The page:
Once every layer was sewn together, I had to mark the boning placement on the cotton boning support layer. I used a combination of rigilene sew-on boning and spiral steel boning (prepared by The Geeky Seamstress). The rigilene was used everywhere except for the princess seams, which were spiral steel. I used cotton strapping for the spiral steel casings, and tipped the rigilene with a little bit of a cream denim I had left over from another project. I like to cut my rigilene tipping with pinking shears to eliminate messy fraying.
Figure 6: The boning support layer with all the boning in place.
Next, I sewed the boning support layer and the fashion layers together so that I could treat them as one and do test-fits on the model. At this point, I did what Pattern Hack Fairy does and sewed in bias-cut strips of stretched silk organza above the bust area to stabilize it. (I didn’t get photos of this step, sorry!)
I was puzzled for a while as to how to close the front of the bodice – bodices are generally opened at the back with a zipper or lacing, but Madoka’s bodice absolutely required it to open from the front, and a zipper wouldn’t be strong or discreet enough. I finally decided to use hook-and-eye tape, which worked perfectly.
I needed to make a white placket to hide the hook-and-eye tape, so I made one from white Casa Satin. I also discovered a very lovely lace trim with iridescent detailing in my stash, so I sewed that onto it to make it even cuter! Here it is with the rose “buttons”, another cutesy idea I thought of. The “buttons” are actually scrapbook stickers from Hobby Lobby.
Figure 7: The placket with its cute rose “buttons”
Finally, I marked and prepared a waist stay. Waist stays help keep a bodice in place by using a piece of ribbon at the natural waist, cut with negative ease. This prevents the bodice from slipping up or down! I was very particular about the type of ribbon used to make the waist stay, and I managed to find just enough of a piece of petersham ribbon in my stash to create it. (Petersham ribbon resembles grosgrain ribbon, except for the fact that the edges are “scalloped”. It can be unfortunately difficult to source at brick-and-mortar stores). This got hand-tacked to the seam allowance of the boning support layer.
At this point, I needed to set the bodice aside and focus on the straps and sleeves. I never meant for the straps of the bodice to be functional, aka, I didn’t want them to be “weight-bearing” – the support for this bodice comes from the boning and the way it is constructed, so the sleeves and straps are purely decorative.
The puff sleeves are made from a slash-n-spread sleeve pattern based on the basic sleeve pattern that came with McCall’s 7352 princess seam dress pattern. The straps were “patterned” until I had a shape I liked. The puff sleeves also have two tiers of ruffles at the bottom, and here I got creative again and dove into my stash for more lace and lace fabric to go on top of the base fabrics. I finished the base layer with another rolled hem, then gathered them all together until they were ruffly enough for my taste.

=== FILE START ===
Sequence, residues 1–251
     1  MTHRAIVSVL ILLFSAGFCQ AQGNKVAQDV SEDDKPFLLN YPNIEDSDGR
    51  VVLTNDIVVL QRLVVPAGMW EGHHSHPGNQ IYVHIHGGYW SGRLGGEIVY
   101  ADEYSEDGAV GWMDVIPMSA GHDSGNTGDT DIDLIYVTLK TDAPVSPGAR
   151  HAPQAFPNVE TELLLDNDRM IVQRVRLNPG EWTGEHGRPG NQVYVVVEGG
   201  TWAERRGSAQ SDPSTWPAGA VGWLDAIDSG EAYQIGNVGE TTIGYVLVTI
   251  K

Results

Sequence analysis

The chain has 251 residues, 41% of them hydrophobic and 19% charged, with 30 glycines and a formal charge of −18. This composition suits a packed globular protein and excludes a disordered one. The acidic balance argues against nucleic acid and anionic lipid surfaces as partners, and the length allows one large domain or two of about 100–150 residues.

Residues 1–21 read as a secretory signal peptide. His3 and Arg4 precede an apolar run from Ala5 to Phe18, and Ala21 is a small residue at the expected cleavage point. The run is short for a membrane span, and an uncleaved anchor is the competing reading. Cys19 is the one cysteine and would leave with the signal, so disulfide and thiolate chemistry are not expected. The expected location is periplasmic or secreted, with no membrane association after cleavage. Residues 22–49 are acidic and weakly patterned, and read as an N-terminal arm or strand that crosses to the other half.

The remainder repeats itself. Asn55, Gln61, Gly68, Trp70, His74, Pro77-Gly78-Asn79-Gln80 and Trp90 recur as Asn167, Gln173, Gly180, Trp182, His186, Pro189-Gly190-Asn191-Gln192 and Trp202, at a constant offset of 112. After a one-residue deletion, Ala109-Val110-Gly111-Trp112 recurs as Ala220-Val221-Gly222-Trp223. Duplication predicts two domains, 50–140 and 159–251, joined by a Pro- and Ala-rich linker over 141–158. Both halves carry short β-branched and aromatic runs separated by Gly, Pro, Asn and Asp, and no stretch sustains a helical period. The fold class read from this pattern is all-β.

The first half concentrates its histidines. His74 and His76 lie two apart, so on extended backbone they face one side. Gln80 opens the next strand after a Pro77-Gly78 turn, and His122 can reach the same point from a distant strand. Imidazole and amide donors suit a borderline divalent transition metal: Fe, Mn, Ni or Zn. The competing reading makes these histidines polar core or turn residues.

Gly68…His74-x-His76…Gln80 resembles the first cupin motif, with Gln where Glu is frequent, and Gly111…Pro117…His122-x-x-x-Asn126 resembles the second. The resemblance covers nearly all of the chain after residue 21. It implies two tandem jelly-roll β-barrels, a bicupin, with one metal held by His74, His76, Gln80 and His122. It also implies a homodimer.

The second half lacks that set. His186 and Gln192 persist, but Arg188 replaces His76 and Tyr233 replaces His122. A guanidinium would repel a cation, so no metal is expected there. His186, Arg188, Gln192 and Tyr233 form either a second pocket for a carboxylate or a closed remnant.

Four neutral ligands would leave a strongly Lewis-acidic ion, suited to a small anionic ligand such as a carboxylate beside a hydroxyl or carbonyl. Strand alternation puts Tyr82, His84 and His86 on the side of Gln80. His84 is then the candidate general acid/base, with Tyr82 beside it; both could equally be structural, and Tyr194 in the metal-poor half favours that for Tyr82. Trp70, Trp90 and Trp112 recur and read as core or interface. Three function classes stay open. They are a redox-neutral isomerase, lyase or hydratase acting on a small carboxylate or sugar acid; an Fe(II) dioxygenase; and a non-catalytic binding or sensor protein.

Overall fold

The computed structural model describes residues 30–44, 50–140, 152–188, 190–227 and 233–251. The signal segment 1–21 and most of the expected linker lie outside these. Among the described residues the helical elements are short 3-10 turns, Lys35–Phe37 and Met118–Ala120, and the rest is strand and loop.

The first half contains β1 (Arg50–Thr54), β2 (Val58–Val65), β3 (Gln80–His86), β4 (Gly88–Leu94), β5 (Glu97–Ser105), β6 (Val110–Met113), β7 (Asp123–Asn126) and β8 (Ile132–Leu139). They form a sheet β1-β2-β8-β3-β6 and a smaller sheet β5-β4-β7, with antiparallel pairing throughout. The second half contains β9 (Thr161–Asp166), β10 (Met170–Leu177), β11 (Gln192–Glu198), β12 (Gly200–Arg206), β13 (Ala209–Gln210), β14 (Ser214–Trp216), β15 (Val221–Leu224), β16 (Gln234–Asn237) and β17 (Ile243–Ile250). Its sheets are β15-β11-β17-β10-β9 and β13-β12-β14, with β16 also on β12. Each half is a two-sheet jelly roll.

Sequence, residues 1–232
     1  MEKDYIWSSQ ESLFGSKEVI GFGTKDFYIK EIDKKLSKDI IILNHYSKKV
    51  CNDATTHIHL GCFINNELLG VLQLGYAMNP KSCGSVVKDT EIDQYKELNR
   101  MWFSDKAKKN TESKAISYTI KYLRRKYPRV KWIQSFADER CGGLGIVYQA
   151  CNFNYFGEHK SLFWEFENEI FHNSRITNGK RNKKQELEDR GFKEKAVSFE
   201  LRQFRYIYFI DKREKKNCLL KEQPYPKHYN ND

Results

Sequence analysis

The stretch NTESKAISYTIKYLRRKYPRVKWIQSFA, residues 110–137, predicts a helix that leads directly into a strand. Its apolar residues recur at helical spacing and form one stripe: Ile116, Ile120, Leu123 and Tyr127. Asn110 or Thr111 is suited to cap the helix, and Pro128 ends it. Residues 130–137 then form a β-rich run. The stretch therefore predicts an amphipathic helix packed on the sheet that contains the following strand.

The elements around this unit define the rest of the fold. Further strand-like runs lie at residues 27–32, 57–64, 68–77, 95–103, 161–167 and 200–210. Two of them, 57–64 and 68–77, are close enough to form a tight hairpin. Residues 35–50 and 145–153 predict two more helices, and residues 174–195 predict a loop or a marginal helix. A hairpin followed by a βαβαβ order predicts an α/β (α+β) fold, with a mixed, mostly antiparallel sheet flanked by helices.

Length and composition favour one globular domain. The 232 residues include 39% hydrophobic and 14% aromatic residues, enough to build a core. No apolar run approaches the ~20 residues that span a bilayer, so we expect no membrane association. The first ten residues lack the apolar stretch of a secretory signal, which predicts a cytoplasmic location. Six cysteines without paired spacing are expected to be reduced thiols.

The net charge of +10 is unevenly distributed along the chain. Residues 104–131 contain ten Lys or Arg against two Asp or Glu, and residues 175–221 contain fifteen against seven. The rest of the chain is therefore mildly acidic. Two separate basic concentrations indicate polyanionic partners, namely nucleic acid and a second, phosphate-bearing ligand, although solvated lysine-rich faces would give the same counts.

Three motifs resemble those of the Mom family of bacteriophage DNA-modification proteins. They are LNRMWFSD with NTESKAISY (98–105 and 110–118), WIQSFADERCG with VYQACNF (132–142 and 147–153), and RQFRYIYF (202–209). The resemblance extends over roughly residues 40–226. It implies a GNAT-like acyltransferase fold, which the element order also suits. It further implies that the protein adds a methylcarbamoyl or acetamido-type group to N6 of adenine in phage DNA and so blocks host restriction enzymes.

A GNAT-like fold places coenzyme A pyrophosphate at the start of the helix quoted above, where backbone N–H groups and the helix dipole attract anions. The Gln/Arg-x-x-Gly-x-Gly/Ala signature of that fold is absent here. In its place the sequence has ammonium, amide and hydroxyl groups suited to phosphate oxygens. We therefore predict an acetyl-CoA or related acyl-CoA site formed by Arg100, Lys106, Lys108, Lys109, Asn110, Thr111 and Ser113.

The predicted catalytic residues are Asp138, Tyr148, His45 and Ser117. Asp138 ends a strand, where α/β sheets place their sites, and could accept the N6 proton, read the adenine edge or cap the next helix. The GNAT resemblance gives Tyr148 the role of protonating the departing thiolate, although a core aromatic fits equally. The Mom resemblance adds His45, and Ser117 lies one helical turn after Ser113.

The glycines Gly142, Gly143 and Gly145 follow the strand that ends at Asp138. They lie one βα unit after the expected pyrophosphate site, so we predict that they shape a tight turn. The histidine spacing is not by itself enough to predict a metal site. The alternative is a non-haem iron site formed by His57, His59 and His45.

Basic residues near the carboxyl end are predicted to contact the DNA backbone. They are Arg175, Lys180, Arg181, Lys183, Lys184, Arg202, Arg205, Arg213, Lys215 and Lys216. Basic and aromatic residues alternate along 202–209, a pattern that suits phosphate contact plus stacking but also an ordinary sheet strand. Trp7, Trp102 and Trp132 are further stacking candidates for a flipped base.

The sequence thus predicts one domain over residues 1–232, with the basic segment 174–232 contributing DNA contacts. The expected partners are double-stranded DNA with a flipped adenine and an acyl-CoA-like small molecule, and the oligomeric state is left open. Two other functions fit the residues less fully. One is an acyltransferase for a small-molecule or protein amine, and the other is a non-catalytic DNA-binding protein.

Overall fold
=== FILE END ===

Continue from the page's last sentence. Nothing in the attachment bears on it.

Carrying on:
Figure 8: Lacy sleeve ruffles! There’s 4 layers of fabrics and lace that went into these.
The ruffles were attached to the red bias tape stripe I made earlier. Aren’t these just the cutest sleeves ever?
Figure 9: Puff sleeves assembled!
I also found some cute red ribbon and put that on top of the red stripe, just because…
Figure 10: Lacy puff sleeves… now with even more ribbon!
Finally, I had to attach the ruffles to the bodice before I could attach the straps. After that, I tacked down the straps, and then attached the sleeves to the straps. The “armscye” of Madoka’s bodice is a little bit awkward, but I made it work!
Figure 11: Oh my gosh it looks like a thing!!!
At this point I was dying at how cute the bodice looked! All that was left was the white placket, lining, and heart cutout on the back. The placket was the easiest of these to tackle, so I sewed that on next.
Figure 12: EXCITED SCREAMING… IT’S A THING. Look at that placket!
I couldn’t do the heart cutout on the back until the lining was sewed in, and unfortunately, an issue was discovered when the lining was being sewn in – during all the fittings, the bodice stretched out to conform to the model’s body better, but the lining hadn’t been part of that. Therefore, it was now too small, and I had to do a very quick and panicked last-minute redo of the middle back lining piece to make it fit. Then the model hand-sewed the lining to the rest of the bodice so that I could focus on other costume pieces.
Once the lining was in, I was finally able to make the heart cutout. This basically involved making a “facing”, sewing it to the outside layer, cutting all the way through the bodice (yes, all three layers of it…), and turning the facing to the inside before topstitching it down. It’s extremely nerve-wracking… but I got it done!
Figure 13: Omg… you can see through the entire bodice!
Once the “buttons” were glued onto the front placket, Madoka’s bodice was finished!!!
Madoka’s bodice was an extremely involved project, but it was probably my best piece during all of 2017. I’m extremely proud of how it turned out despite the multitude of challenges it threw at me. I’m writing about this a year later, so a lot of the pain and panic I had when sewing it is not as raw anymore, but I still look back on this and think, “HOLY COW! How did I finish that???”
I adore all the little details and design tweaks I included, and I’m super happy with how much the project helped me as a seamstress. I can’t wait for my next bodice project!